SEBA

By Joe Nelson, The Sun
Posted: 06/03/16 – 9:17 PM PDT |

Officials with the labor union representing San Bernardino County sheriff’s deputies said Friday that prison realignment and a shortage of deputies has prompted a safety campaign that has delayed the transport of inmates to court.

As a result, inmates this week were not arriving to court until late morning or early afternoon, delaying court hearings and forcing continuances.

Leadership at the Sheriff’s Safety Employee Benefit Association, the union representing 1,800 deputies, would neither confirm nor deny the campaign was in reaction to unresolved labor negotiations between the union and the county that have spanned more than a year. The union declared an impasse on Dec. 15.

However, San Bernardino County Sheriff John McMahon wrote in an email late Friday that the safety campaign was a “component of the negotiation process.”

On May 27, SEBA notified its members via an online video that it was implementing the “policy compliance campaign,” said Grant Ward, secretary for SEBA and leader of the union’s safety negotiations team.

As a result, inmates are being moved from county jails to the buses that transport them to court in small groups, instead of by the dozens as is usually the case, Ward said.

County spokesman David Wert had no direct comment on the safety campaign. In an email Friday, he wrote: “The county is negotiating with its employees in good faith and we are confident agreements will be reached that are fair to everyone involved.”

Ward said that the last thing deputies want to do is disrupt the judicial process, but that precautions need to be taken because of a declining number of deputies and the state’s prison realignment program, which he said creates more risk for deputies. Under realignment, which took effect in 2011, some inmates who would have been sent to state prisons instead are serving out their sentences in county jails.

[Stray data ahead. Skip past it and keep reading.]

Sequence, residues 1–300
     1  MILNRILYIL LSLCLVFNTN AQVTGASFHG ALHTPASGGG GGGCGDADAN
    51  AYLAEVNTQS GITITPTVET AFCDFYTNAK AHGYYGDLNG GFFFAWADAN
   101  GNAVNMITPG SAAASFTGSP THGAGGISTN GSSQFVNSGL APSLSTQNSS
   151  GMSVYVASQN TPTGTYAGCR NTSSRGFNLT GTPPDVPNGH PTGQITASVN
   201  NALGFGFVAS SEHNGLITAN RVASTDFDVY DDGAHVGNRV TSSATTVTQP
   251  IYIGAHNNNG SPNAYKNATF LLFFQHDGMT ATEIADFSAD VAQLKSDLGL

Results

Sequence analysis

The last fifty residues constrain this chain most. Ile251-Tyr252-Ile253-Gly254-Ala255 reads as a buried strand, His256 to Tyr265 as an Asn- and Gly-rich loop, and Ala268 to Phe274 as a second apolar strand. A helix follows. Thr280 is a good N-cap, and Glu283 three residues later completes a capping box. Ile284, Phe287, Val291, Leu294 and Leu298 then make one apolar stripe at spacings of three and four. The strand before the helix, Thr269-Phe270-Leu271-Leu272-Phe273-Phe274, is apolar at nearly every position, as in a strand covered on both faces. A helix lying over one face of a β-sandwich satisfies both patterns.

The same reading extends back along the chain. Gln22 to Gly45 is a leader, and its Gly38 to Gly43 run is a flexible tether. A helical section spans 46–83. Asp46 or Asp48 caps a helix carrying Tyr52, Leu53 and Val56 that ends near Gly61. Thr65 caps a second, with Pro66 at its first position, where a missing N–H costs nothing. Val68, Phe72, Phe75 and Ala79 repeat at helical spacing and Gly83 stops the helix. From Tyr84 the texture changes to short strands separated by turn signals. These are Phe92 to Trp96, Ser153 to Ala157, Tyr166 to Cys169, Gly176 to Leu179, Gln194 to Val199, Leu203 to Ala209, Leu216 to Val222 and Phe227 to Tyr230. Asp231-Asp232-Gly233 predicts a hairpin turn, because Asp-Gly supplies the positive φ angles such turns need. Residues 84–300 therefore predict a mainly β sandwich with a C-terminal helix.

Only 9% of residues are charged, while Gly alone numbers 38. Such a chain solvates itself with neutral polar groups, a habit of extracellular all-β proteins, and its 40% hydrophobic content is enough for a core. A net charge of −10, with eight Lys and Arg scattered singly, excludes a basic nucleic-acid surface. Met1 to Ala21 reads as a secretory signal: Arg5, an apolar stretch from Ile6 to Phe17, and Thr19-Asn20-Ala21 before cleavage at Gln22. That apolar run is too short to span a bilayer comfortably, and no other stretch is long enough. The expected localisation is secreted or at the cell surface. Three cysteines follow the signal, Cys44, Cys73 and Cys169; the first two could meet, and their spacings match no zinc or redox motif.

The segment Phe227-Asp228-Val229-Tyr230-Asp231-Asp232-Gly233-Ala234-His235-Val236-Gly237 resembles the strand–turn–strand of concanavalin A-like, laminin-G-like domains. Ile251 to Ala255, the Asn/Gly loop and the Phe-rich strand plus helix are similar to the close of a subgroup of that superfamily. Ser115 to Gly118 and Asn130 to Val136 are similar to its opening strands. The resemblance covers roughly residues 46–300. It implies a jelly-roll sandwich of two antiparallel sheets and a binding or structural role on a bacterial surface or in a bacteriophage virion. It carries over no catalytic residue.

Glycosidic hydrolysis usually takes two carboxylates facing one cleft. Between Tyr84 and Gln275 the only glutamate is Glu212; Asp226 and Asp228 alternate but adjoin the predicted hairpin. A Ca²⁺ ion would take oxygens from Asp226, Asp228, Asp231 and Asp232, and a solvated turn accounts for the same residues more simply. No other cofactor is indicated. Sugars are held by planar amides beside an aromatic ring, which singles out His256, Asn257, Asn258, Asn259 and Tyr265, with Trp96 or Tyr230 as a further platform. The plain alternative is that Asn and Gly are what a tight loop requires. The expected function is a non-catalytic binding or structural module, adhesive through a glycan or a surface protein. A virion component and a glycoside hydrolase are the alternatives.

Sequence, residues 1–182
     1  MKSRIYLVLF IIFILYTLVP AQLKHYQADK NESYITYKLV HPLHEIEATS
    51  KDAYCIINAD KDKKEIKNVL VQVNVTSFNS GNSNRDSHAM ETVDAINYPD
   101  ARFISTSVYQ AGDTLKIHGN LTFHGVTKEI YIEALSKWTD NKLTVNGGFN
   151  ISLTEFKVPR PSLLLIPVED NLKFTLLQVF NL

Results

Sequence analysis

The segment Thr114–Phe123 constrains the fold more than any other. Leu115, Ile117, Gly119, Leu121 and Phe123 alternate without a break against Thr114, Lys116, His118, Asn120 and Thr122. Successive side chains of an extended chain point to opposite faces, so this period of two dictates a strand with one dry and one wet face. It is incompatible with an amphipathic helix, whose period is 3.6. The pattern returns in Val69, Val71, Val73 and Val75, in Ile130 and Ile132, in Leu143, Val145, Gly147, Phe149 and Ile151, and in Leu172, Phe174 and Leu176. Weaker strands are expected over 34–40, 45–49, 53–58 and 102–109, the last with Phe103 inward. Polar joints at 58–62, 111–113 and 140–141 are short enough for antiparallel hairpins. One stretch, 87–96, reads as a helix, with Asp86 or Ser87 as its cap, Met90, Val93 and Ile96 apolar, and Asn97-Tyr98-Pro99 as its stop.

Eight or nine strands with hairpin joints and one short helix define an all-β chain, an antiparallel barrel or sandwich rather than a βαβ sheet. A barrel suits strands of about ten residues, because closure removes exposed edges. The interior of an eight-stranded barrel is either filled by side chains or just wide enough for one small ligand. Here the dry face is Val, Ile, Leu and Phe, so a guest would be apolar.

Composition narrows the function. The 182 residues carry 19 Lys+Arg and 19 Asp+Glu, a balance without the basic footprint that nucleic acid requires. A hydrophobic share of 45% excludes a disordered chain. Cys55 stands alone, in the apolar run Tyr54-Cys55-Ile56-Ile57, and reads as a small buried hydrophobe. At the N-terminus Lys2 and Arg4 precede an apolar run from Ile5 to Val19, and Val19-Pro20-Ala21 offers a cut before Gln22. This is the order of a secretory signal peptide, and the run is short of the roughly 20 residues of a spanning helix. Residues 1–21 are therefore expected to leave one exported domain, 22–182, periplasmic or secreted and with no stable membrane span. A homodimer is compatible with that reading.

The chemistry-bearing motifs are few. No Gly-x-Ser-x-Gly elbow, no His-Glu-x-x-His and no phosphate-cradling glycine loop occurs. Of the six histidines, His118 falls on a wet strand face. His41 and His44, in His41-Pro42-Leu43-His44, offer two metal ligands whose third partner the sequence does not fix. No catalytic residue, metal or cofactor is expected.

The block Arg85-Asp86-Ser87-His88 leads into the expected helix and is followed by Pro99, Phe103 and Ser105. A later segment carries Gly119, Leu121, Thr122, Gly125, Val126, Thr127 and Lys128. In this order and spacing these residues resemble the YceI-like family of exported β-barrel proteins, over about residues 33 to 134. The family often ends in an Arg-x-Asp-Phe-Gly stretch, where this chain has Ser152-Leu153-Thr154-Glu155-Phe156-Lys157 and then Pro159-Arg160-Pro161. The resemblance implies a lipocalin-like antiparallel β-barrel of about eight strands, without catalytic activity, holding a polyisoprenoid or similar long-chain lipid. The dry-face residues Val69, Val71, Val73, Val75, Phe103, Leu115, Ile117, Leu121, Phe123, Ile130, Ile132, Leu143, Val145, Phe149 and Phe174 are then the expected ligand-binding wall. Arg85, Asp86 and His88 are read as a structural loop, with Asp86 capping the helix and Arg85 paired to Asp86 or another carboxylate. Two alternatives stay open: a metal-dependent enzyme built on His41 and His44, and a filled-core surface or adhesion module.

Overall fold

“When we’re walking lines of inmates from one point to another, the policy will say do it in small groups and do it safely. In the past we have had dozens of inmates lined up in the (jail) hallway,” Ward said. “If that means that it takes more time, then yes, processing inmates safely in small groups could take more time.”

He said SEBA’s “policy compliance campaign” will continue indefinitely.

An example of how SEBA’s campaign has snagged the judicial process could be seen Friday morning in San Bernardino Superior Court. A hearing scheduled for 8:30 a.m. for Charles Ray Merritt, accused of killing a family of four in San Diego County in 2010 and burying their bodies in shallow graves near Victorville, was delayed until 1:30 p.m. because Merritt and other inmates had not arrived to court in time for their scheduled appearances.

“It really burdens everybody,” said Merritt’s attorney, Rajan Maline.

He said the delays affect not only lawyers, court administration and Sheriff’s Department staff, but jurors as well.

“They’re putting their lives on hold,” Maline said of the jurors. “It really is a problem.”

SEBA’s campaign comes amid more than a year of unresolved labor negotiations with the county. The current contract expires in September.

On May 24, dozens of SEBA members rallied outside the county Government Center, demanding higher pay or at least compensation on par with sheriff’s departments in nearby Riverside, Orange, Kern, Ventura and San Diego counties.

San Bernardino County deputies are paid an average of between 14 to 27 percent less in total compensation, including salary and benefits, Ward said.

It has resulted in deputies leaving the department for better pay and benefits at more competitive agencies, Ward said.

“We lost seven deputies last month, and last year we lost 50,” Ward said.

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